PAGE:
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Netflix has another hit on its hands: The Last Kingdom, based on Bernard Cornwell's series of novels about late-ninth-century England.

Launched in October 2015 by BBC America and BBC Two, it was later picked up by Netflix, which describes the series thus: "As Alfred the Great defends his kingdom from Norse invaders, Uhtred--born a Saxon but raised by Vikings--seeks to claim his ancestral birthright."

The Last Kingdom is a PG-13 Game of Thrones, except for its anchoring in the real history of England and the real genius of King Alfred, who turned back the Viking invaders and slowly assembled the pieces of what would become modern England. Winston Churchill devotes a good bit of the first volume of his four-volume A History of the English Speaking Peoples to Alfred and his son Edward and their wars and temporary truces with the treasure-and-power-minded and ruthless Danes.

Cornwell's fictional character of Uhtred (played by Alexander Dreymon) is an excellent vehicle for the narrative: A Saxon noble kidnapped by the Danes as a small boy and raised in their ferocious ways according to the warrior code of their Norse gods, who, by a series of events both plausible and rooted in actual battles and various treacheries of the era, rises to unexpected success on the English side.

The compelling Uhtred is primarily a warrior--a ferocious fighter of the "shield wall," a cunning brawler and easily given to mockery of the Catholic Church to which Alfred (David Dawson) is deeply committed.

The Catholic Church is everywhere in The Last Kingdom, fully on display in the omnipresent yet subtle and textured role it played in everyday life in the Christian England of the era. The irony of the entire series is that Alfred, the devout and brilliant king, is physically weak, commands less than half the population of the land he seeks to lead, and needs the near-barbarian Uhtred to repeatedly defend what's left of England and then to oversee its slow ingathering of power and territory.

Watch it for two reasons. First, it's great fun, and if there are kids in the room, you won't have to reach for the pause button every 15 minutes or so as happens when Game of Thrones goes fully fleshy--as it does in every episode.

Second, what might strike your imagination is that the Alfred of history is very much like the Republican Party of 2016: Enfeebled, back against the wall, out of options and a Supreme Court vacancy away from losing its cherished "rule of law," slowly yielding ground to an always-growing regulatory state at home and vastly ambitious opponents abroad.

So like Alfred enlisting Uhtred, the GOP of 2016 turned to the half-this-half-that brawler, sometimes Democrat, sometimes Republican from New York City. "He may be a pagan, sire, but he's our pagan" is more or less what Father Beocca (Ian Hart), the king's long-suffering counselor-confessor, is obliged to repeatedly remind Alfred, who is surrounded at his court by quite a few #NeverUnhtred skeptics.

In a providential coincidence, the show's Rotten Tomatoes rating of 87 percent is not far from Trump's approval numbers among Republicans. The latter group prefers ultimately, like Alfred, to win political battles rather than lose with prayers properly said.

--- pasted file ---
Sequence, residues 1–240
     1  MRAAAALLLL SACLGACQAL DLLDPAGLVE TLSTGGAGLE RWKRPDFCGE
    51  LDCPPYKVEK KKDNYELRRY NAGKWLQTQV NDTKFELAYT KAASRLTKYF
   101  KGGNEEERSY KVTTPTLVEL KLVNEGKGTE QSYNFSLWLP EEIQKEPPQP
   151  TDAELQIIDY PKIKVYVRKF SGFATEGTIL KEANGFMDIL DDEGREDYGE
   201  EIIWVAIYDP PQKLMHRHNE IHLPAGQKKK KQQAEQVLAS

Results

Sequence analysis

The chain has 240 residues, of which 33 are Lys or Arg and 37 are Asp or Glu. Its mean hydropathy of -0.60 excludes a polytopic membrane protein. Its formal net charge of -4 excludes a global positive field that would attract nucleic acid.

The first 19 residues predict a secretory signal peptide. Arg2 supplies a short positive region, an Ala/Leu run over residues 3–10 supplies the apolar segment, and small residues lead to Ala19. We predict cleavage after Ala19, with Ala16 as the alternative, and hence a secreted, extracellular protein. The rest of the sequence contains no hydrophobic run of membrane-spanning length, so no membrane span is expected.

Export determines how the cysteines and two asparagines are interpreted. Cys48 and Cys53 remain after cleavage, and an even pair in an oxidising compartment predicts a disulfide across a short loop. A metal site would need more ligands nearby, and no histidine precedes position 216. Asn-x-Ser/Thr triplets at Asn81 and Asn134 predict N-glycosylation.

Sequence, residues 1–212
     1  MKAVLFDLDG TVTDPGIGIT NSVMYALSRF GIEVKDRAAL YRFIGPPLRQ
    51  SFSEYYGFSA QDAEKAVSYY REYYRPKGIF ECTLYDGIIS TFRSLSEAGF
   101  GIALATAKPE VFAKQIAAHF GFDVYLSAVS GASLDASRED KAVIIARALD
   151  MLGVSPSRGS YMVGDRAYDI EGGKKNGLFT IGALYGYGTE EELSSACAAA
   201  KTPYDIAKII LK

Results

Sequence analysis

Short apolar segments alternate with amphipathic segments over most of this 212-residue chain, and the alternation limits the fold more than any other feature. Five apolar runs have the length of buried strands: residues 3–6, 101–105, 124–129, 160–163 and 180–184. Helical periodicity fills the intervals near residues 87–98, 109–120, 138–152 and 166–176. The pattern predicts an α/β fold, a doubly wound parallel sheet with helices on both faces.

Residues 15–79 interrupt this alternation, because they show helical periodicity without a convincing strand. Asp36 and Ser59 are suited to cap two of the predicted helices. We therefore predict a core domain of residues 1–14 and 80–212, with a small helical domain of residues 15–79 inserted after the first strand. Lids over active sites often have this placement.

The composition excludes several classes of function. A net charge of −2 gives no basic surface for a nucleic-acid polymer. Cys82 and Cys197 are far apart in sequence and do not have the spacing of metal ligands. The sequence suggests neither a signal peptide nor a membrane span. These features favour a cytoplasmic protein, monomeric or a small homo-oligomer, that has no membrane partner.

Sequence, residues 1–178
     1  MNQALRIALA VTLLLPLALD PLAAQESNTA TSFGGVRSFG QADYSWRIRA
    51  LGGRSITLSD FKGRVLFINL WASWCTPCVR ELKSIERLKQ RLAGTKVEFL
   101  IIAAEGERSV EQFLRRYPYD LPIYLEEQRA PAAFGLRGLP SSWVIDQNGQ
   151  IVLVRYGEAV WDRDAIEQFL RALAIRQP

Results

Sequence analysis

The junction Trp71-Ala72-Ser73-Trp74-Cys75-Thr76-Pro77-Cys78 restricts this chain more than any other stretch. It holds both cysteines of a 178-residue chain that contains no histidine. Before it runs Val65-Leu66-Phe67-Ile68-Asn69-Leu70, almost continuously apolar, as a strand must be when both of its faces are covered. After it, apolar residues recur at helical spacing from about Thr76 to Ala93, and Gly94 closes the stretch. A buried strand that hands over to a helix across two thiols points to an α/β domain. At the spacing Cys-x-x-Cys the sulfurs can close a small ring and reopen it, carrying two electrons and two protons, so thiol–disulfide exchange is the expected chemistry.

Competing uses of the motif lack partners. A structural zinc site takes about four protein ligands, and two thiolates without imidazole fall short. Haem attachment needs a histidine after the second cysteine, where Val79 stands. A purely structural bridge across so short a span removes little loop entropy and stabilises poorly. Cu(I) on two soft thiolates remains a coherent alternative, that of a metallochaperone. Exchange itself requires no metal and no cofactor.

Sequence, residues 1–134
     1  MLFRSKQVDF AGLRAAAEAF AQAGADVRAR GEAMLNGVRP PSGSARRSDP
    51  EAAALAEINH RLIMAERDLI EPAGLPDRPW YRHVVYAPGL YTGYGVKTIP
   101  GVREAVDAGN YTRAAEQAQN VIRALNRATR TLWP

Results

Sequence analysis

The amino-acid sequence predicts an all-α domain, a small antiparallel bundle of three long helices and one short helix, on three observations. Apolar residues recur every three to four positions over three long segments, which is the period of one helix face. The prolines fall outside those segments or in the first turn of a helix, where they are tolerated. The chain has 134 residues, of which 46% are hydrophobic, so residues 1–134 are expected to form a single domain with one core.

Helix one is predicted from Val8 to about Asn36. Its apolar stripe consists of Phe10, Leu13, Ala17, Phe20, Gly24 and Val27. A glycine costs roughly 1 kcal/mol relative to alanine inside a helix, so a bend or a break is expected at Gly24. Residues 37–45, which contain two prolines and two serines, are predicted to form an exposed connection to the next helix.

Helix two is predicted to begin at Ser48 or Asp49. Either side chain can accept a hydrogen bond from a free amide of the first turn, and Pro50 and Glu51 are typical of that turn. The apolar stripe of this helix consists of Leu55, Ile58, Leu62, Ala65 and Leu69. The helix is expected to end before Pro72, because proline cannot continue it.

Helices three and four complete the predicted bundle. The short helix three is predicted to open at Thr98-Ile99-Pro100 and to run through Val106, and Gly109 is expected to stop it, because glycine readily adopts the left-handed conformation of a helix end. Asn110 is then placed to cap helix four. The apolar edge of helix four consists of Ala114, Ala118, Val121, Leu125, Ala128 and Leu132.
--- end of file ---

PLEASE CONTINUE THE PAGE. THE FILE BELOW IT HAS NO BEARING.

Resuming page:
The third season of The Last Kingdom got underway in November, just as President Donald Trump's did. Now the Vikings have got to figure out who to throw at "Uhtred son of Uhtred." Best not to send someone with a stave to a sword fight.

Editorial on 03/04/2019

Print Headline: Our pagan, sire

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Comments

  • WhododueDiligence
    March 4, 2019 at 10:48 a.m.

    "... what might strike your imagination is that the Alfred of history is very much like the Republican Party of 2016: Enfeebled, back against the wall, out of options and a Supreme Court vacancy away from losing its cherished "rule of law," slowly yielding ground to an always-growing regulatory state ..."
    *
    Wow, what a heavy load of hogwash. That poor enfeebled Republican Party with 17 presidential candidates but somehow out of options and somehow woefully victimized by regulations which protect that poor enfeebled party's drinking water and breathing air quality. And that poor enfeebled party wets its collective pants in fear of somehow losing its cherished rule of law despite the fact that its cherished rule of law is protected by the US Constitution. That poor enfeebled 2016 party is sooooooooooo much like King Arthur during his dark age years long before the Magna Carta.
    *
    Maybe you have to be a radio talk-show squawking head to make up imaginary poor enfeebled victim-squawk nonsense like that.

  • WhododueDiligence
    March 4, 2019 at 11:16 a.m.

    ... And then Hewitt's imagination goes haywire when he imagines bone-spurs Donald as Uhtred, the "ferocious fighter." I imagine Hewitt will propose a toast to dillydilly Donald.

  • 0boxerssuddenlinknet
    March 4, 2019 at 5:31 p.m.

    please read the book instead of watching the show.

  • WhododueDiligence
    March 4, 2019 at 7:22 p.m.

    Yes, Oboxer, reading the book is nearly always better than watching the show. That's true. Who other than Hugh after Hugh's review would watch the show?

  • WhododueDiligence
    March 4, 2019 at 8:05 p.m.

    Here's more hooey from Hugh: "In a providential coincidence, the show's Rotten Tomatoes rating of 87 percent is not far from Trump's approval rating among Republicans."
    As if Providence is smiling gently down in rapturous approval across these many centuries upon Republican Hugh's comparison of Uhtred the ferocious fighter (who's Donald the draft dodger according to Hugh's hooey) with the rating of Rotten Tomatoes.

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